A "Solid Foundation" Abroad

In late 1906, with San Francisco largely destroyed by the earthquake and fire, Hansen traveled to Germany at his father's behest to study in the ateliers and art galleries of Munich and Nuremberg. It was there that the elder Hansen thought his nineteen-year-old son would secure a "solid foundation" and gain technical proficiency over his craft.

Shortly after his arrival in Nuremberg, Hansen came upon a painting by Carlos Grethe, an artist known for dramatic maritime scenes. The young artist was so impressed by the work that he sought instruction with Grethe at the Royal Academy of Fine Arts (today Staatliche Akademie der Bildenden Künste) in Stuttgart. Said Hansen of that pivotal picture, "I liked that canvas. I wanted to study with the man who painted it. . . . It changed the course of my entire career." Once at the school, Hansen entered a figure-drawing class, where he drew for six months but longed to paint. "I used to curse [drawing] and they certainly made me work, but they were bent on my getting the solid foundation that I had come for," he remembered.

After two years of study with Grethe, Hansen left for Munich, Paris, and then Nieuwpoort, on the Belgian coast. Based in Nieuwpoort, he immersed himself in maritime culture and spent four years as a crew member on a North Sea trawler. In off-hours, he painted seascapes and fisherfolk. When he returned to San Francisco in 1912, he brought with him about one hundred freshly painted canvases.


Depression Offerings: Rodeos and Still Lifes

Hansen had done well in the 1920s when demand for his work was high, but this changed dramatically in the fall of 1929, when his stock-market investments were decimated by the crash. In late November, he wrote to his Los Angeles dealer Earl Stendahl, "When last I wrote you . . . I was just about broke -- now I am."

In an effort to survive the difficult 1930s, Hansen exhibited as much as he could, took on as many commissions as he was offered (for both portraits and murals), and painted "everything, anything" to make ends meet. Los Angeles reviewer Arthur Millier noted the broadened array of his work, writing that "Hansen comes ashore, too, and paints or etches a rodeo or the hills back from Monterey. And he has gentle moments when he paints delicate still lifes of glass and tableware."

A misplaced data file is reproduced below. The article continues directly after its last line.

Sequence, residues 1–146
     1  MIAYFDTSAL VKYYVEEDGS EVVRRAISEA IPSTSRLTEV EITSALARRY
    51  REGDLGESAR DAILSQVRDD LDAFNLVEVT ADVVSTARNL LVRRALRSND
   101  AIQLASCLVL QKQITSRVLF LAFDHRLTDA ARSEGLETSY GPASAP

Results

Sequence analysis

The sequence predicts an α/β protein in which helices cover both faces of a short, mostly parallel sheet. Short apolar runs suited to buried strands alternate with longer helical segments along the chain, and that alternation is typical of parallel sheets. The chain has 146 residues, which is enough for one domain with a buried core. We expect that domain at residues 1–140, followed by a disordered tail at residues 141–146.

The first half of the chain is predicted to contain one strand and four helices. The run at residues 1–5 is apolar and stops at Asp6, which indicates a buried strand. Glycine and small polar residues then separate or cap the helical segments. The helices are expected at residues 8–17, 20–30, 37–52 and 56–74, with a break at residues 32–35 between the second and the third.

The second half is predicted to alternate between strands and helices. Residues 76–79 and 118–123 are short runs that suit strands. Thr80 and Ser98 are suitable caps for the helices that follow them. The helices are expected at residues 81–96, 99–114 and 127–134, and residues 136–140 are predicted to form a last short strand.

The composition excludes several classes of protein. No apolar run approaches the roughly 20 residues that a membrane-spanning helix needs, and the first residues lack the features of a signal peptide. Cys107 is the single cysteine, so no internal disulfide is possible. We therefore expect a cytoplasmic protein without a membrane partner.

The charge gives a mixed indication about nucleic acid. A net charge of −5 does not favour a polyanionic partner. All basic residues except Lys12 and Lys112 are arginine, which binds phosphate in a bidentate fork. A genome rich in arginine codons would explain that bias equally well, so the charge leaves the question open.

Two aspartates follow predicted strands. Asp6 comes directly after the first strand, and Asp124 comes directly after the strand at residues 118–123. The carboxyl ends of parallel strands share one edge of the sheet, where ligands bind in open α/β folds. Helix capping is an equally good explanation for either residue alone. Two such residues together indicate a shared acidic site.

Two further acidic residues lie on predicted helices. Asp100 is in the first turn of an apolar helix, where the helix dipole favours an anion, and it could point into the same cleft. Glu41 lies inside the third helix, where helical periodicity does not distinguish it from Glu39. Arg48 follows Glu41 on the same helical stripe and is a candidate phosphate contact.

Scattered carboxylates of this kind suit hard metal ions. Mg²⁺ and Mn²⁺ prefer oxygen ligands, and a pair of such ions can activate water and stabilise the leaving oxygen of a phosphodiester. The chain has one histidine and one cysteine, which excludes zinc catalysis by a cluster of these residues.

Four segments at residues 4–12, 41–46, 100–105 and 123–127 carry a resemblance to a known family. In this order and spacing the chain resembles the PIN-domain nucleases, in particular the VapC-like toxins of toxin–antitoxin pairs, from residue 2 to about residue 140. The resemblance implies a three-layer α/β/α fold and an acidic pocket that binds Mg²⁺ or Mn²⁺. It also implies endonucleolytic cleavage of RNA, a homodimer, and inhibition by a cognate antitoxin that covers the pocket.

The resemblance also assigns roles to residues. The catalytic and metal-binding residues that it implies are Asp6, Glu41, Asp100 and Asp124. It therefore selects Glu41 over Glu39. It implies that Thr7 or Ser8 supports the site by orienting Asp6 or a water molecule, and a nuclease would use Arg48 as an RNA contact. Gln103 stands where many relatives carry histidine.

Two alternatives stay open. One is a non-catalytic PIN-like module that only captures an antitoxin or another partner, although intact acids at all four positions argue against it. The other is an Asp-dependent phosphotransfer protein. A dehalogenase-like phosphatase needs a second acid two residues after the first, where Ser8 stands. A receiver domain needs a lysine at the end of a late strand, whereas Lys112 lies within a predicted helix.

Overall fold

Hansen had painted rodeo subjects before. He produced his first rodeo scenes in 1913, after a friend took him to a rodeo in Salinas. In 1930, he reintroduced the subject in a Los Angeles exhibition, which stood out among his marines and led a reviewer to declare that Hansen had "gone western."

Hansen had also painted still lifes early on, producing several of them in the early 1910s while living abroad. Though his still-life production would dwindle in the 1920s, he would return to the genre in greater earnest during the Depression. With style and subject matter in balance, these still lifes have a delicacy of touch that most of his marines do not.


Under Zuloaga's Spell

By the late 1910s, Hansen was widely recognized as a painter specializing in humanity's relationship with the sea. But the artist had another important aesthetic leap to make, and this occurred following his encounter with the work of Spanish artist Ignacio Zuloaga. Zuloaga was the subject of a celebrated, multi-city exhibition that traveled the United States, which after a year on the road made its second-to-last stop at San Francisco's Palace of Fine Arts in 1918.

Hansen was greatly impressed by Zuloaga's work and, in his zeal to set down what he had learned from Zuloaga's paintings, he worked feverishly throughout 1918 and 1919, even going so far as to decline an opportunity to hold a solo exhibition at San Francisco's Palace of Fine Arts. It was a bold decision, but it changed the course of his career.